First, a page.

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Princess Simpson Rashid
Q&A with Artist in Residence Princess Simpson Rashid
October 15, 2021

Halloween-Inspired Citizen Science Projects

The unknown can be an eerie topic of discussion. Humans are naturally fearful of what we do not know or understand, but our fear and the mysteries of the unknown is what peaks curiosity and the need to investigate and learn. This spooky season, we pulled Halloween-inspired citizen science projects that are noteworthy for their creepiest and crawliest themes. With citizen scientists around the world collecting data and seeking answers, we can solve the mysteries of the unknown, or at least come close to cracking these scientific enigmas. Participation requires curiosity, the internet, and a Halloween costume is optional.

ZomBee Watch

While some citizens may be preparing for a zombie apocalypse, they probably aren’t thinking about the ZomBee apocalypse. Researchers working on this project speculate that the parasitic fly Apocephalus borealis (Zombie Flies) is the prime suspect for infecting large populations of North American honey bees. Spend some time outdoors searching for ill-looking or dead bee specimens, and report easy-to-spot signs of infection. Learn more here.

What you need: SciStarter account

SETILive Extraterrestrial Tracker

We are not alone in the universe, or are we? The goal for this project is to detect extraterrestrial signals and classify earth signals versus extraterrestrial signals. Your data collection helps researchers teach their computer algorithms how to distinguish between the two signals. Learn more here.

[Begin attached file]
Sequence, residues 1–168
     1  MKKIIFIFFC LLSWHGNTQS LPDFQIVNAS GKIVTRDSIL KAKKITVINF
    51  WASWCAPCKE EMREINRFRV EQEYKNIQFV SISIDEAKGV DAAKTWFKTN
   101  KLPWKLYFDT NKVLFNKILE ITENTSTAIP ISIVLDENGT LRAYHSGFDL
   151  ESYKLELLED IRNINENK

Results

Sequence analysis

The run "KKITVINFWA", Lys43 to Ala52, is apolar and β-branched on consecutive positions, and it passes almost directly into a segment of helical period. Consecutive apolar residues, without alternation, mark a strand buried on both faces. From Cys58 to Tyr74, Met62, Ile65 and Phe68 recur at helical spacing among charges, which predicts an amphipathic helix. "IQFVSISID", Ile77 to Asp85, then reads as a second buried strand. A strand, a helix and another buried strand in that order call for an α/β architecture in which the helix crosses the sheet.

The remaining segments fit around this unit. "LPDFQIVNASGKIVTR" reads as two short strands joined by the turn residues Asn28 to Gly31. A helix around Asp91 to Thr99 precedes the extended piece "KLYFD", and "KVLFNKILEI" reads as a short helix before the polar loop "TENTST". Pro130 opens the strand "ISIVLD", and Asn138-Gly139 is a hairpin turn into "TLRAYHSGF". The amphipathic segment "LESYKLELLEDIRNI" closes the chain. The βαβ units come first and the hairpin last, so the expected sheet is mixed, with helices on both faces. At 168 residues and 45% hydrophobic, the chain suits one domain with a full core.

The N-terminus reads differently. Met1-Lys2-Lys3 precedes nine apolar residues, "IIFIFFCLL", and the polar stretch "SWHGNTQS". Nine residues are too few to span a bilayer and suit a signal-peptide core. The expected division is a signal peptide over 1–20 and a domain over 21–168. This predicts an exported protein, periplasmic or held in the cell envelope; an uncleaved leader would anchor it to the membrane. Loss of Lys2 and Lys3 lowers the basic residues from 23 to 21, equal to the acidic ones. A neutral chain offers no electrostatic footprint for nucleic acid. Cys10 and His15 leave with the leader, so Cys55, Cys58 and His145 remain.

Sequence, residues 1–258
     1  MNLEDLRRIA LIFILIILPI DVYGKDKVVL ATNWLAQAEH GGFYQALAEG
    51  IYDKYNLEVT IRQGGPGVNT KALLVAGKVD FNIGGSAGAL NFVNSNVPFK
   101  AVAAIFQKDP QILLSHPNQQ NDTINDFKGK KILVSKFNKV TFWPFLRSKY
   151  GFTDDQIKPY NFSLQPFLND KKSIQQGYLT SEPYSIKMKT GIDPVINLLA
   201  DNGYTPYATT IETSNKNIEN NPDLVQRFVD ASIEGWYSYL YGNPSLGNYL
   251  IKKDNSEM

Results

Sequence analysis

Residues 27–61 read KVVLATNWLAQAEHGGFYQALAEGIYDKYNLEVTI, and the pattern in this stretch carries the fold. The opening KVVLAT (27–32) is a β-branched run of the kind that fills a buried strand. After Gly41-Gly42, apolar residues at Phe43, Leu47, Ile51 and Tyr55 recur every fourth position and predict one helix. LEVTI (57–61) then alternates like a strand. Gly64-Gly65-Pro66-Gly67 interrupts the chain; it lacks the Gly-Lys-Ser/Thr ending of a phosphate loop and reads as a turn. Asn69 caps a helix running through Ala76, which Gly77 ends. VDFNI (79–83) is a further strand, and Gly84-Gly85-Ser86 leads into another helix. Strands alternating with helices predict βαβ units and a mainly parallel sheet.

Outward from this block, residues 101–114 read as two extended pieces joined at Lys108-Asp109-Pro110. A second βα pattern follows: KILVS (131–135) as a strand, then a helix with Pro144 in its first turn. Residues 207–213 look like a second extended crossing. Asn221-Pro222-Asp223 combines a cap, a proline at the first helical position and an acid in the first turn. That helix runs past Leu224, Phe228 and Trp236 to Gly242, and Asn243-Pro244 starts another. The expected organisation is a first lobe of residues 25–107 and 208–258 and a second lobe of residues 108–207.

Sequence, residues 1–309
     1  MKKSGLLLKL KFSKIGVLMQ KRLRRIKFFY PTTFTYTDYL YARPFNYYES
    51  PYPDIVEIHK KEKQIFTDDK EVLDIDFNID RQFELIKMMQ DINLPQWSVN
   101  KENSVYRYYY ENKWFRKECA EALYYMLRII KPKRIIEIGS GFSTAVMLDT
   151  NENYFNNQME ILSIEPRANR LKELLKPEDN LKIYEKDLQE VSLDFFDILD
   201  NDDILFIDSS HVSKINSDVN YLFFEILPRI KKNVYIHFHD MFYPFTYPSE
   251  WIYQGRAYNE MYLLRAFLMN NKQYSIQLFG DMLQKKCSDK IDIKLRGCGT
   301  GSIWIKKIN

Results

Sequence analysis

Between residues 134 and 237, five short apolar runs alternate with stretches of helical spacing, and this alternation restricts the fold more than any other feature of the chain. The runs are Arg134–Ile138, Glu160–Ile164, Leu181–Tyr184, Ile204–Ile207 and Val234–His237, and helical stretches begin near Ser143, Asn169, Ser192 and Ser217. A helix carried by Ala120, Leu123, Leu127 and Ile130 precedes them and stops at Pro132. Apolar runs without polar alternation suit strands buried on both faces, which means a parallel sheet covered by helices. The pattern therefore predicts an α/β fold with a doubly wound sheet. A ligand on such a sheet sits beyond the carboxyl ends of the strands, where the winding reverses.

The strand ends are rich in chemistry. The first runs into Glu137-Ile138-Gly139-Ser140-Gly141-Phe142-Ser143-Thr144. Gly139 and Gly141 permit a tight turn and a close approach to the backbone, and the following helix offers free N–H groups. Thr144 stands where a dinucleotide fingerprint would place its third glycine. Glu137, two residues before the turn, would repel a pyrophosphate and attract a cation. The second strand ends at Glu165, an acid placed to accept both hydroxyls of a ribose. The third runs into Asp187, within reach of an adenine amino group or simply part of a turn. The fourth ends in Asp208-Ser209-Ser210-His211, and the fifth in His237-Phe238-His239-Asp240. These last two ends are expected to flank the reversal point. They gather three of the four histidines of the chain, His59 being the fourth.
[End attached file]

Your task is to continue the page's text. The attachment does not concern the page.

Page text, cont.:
What you need: Zooniverse account 

Never Home Alone: The Wildlife of our Homes

Is anyone ever really home alone? Look for creepy crawlers where you least expect them — hiding in your own home. Never Home Alone aims to document the six, eight, multi-legged or legless housemates that live indoors with you. These little friends are swept under the rug, lurking in dark corners or nestling on your pillow. These understudied critters need recording, and you can make big discoveries without opening your front door. Learn more here.

What you need: SciStarter account, iNaturalist app

Ghosts of the Coast

A ghost forest is a coastal regional area of dead trees. These graveyards are a striking visual indicator of rising sea levels and climate change. This project engages citizen scientists to document the formation of ghost forests at a larger scale. Your observations will help researchers better understand the ghost forest formations and raise awareness about the pace of change in coastal landscapes. Learn more here.

What you need: SciStarter account

Invader ID

Even near the coastline, marine beasts can be found: fouling communities inhabit the sides of docks, boats, marinas and more. These communities contain a wide variety of animals, algae, and microbes — beasts of all sizes. Living on artificial surfaces, some of these are invasive organisms that travel by recreational or commercial boats to their new environment. Invasive species can have major impacts on ecosystems by competing with native species for food and space, which can change the whole structure of the fouling community. Help researchers identify invasive organisms to track patterns in fouling communities and understand the impacts of these tiny invaders. Learn more here.

What you need: SciStarter account